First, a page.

New York’s Registered Organizations – the 11 cannabis companies currently serving the medical marijuana community in the state – have come under fire after the Cannabis Control Board approved rules that will allow them to enter the adult-use market earlier than anticipated.
Originally, the ROs – which are primarily large multistate operators – were supposed to wait for three years before being allowed to participate in the adult-use market, but the slow launch of stores from the social justice applicants and the explosion of unlicensed stores prompted the CCB to shorten the timeline to quickly increase the number of licensed stores.
The medical marijuana operators will now be able to enter the market at the end of 2023.
The move was finalized at the CCB meeting earlier this month, where many in the New York cannabis community expressed anger because they expected to have a head start on the larger operations. But the ROs seemed dismayed at the vitriol aimed at them when medical providers are often lauded for their efforts at taking care of patients.
Is the call for cancellation warranted?
The current environment in New York has essentially pitted the adult-use side of cannabis against the medical providers.
The issue even arose during a panel discussion at the Green Market Report New York Cannabis Business Summit. The panel featured industry leaders, including:
- Kellie Rivera of Columbia Care (now known as The Cannabis Company)
- Frank Tice of RIV Capital/Etain Health
- Jeremy Unruh of PharmaCann
Jordan Isenstadt, senior vice president of Marino PR, moderated the discussion, which offered an unfiltered view of the complex issues surrounding the ROs role in the state’s cannabis market.
Each of the 11 registered organizations is authorized to operate up to four medical dispensaries. However, only 38 of the potential 44 stores are operational.
The new regulations will permit ROs in good standing to open one adult-use store by year’s end and an additional two by 2024. With a limit of only three adult-use stores each, at most, the ROs would add 33 stores to the statewide market.
In addition to that, regulations stipulate that only two co-located stores can be situated south of Westchester County, limiting the potential to 22 dispensaries downstate. In contrast, an estimated 8,000 unlicensed stores are believed to operate in Manhattan alone, underscoring the immense consumer demand that the legal market must capture.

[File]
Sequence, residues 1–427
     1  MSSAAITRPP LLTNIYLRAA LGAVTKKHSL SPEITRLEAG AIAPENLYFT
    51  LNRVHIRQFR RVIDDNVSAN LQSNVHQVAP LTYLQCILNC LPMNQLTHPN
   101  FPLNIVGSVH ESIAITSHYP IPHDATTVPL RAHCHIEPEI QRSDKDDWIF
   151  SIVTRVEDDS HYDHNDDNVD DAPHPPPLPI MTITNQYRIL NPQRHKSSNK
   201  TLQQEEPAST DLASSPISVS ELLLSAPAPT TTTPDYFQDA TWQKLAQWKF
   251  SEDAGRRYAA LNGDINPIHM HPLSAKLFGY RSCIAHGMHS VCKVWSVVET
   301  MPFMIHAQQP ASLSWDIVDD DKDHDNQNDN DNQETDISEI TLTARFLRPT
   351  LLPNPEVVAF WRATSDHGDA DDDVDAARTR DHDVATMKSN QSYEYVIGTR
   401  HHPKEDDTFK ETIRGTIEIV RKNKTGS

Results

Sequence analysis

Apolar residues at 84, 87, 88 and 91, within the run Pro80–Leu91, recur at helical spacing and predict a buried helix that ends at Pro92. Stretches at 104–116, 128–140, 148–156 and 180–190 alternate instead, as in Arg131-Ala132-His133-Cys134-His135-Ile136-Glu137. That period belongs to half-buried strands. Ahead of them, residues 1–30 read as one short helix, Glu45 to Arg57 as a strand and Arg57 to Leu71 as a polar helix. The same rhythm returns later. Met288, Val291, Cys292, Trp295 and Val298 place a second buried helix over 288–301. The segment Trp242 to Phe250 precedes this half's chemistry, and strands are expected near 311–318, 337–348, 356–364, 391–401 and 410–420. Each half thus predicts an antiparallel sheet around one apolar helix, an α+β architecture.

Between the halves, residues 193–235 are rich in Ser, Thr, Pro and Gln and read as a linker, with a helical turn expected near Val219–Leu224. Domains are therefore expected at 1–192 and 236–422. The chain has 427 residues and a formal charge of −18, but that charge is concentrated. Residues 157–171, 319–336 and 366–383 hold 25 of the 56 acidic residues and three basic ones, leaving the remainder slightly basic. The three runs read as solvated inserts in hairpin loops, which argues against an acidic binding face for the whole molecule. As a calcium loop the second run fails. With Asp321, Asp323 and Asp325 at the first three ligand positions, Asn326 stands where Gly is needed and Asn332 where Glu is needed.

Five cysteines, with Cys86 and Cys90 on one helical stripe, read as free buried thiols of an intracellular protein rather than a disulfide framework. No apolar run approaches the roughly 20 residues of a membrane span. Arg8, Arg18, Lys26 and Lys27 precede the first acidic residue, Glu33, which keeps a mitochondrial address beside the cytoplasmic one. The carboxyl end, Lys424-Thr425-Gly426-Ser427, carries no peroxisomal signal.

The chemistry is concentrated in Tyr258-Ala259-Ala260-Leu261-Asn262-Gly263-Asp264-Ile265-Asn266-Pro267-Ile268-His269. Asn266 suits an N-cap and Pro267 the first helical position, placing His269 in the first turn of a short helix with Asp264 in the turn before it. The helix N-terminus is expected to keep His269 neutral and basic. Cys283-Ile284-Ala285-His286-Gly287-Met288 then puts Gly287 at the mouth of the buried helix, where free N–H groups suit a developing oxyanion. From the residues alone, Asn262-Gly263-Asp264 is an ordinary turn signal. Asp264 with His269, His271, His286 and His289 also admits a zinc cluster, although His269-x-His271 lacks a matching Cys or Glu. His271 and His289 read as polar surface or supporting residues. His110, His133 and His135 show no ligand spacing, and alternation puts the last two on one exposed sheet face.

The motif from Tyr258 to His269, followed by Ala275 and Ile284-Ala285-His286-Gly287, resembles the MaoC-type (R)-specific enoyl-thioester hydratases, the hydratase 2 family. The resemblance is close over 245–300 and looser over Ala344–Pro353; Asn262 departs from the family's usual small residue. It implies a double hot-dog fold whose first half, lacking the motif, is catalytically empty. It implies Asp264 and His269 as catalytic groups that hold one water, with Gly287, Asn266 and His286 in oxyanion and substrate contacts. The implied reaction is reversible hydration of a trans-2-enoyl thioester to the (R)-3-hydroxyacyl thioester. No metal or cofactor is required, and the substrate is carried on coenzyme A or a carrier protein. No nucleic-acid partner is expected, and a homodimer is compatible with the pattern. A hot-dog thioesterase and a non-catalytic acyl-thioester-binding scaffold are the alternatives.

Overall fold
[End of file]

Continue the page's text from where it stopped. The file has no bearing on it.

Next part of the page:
Despite these calls for delay from a vocal faction at the CCB meeting, Unruh emphasized during the panel discussion that the market needs to move forward, noting that “ROs have waited long enough,” with some operating in New York since 2016 – many with the belief that they would get first crack at the recreational licenses.
Wider market benefits
Adding the ROs to the adult-use market could also offer benefits for others already up and running, Tice said. When the ROs open their stores, shelf space for farmers and brands will quickly increase as well, especially since 50% of RO shelves must be dedicated to New York-grown cannabis.
Tice further elucidated that delaying the ROs’ entry would have implications for social equity licensees. The revenue generated by RO licensing fees, which amount to $5 million per RO per store, plays a crucial role in supporting social equity initiatives in the state.
It was also pointed out that while the ROs are portrayed as multimillion-dollar public companies, they are in fact operated as individual companies due to state regulations. They’ve spent millions to establish medical operations in the state to service a relatively small number of patients and have actually lost millions of dollars to date in the state.
No broad alliance
Etain took pains to emphatically clarify that it was not part of any of the lawsuits surrounding cannabis licensing in New York. The Cannabist Company is also not part of those lawsuits.
PharmaCann, however, is involved with the Coalition for Access to Regulated & Safe Cannabis lawsuit.
So while all of the companies can benefit from the rules change, they’re not all operating as a single cohort.